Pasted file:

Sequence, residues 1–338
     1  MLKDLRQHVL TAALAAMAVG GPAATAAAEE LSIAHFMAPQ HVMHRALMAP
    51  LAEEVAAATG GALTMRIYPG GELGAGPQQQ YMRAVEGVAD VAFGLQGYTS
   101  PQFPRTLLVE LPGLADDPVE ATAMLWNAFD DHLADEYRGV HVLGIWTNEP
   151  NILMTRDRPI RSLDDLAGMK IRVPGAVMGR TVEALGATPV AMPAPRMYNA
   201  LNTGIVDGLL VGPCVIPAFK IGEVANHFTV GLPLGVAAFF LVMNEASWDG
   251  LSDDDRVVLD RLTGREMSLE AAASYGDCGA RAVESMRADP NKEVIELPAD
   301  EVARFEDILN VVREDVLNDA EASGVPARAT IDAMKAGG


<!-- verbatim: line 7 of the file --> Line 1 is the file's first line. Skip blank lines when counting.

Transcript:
   251  LSDDDRVVLD RLTGREMSLE AAASYGDCGA RAVESMRADP NKEVIELPAD